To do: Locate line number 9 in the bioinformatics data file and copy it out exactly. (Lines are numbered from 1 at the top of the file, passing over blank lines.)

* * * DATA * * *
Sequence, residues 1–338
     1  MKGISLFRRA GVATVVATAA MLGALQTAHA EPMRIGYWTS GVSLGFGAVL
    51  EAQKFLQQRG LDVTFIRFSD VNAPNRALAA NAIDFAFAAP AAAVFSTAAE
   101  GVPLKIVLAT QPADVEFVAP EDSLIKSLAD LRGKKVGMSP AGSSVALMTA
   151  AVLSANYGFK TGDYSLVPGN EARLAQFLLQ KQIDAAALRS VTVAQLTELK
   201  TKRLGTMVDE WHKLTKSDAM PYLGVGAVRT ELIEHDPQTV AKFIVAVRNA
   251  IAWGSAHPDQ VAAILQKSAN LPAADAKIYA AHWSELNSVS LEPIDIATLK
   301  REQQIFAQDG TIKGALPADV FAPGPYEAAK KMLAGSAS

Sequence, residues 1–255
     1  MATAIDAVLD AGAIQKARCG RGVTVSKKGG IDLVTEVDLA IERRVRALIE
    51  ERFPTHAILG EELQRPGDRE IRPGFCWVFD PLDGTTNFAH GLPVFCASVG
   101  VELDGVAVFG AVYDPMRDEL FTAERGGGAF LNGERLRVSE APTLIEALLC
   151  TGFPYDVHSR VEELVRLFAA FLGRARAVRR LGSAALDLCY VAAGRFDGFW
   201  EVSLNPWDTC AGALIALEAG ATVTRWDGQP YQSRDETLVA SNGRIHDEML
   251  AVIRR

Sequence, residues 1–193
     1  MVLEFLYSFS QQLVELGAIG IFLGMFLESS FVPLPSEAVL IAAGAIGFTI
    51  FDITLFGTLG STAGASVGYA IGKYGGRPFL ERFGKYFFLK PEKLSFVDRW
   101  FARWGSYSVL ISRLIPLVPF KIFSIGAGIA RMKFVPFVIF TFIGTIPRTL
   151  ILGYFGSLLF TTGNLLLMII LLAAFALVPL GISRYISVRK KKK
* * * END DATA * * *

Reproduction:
Sequence, residues 1–255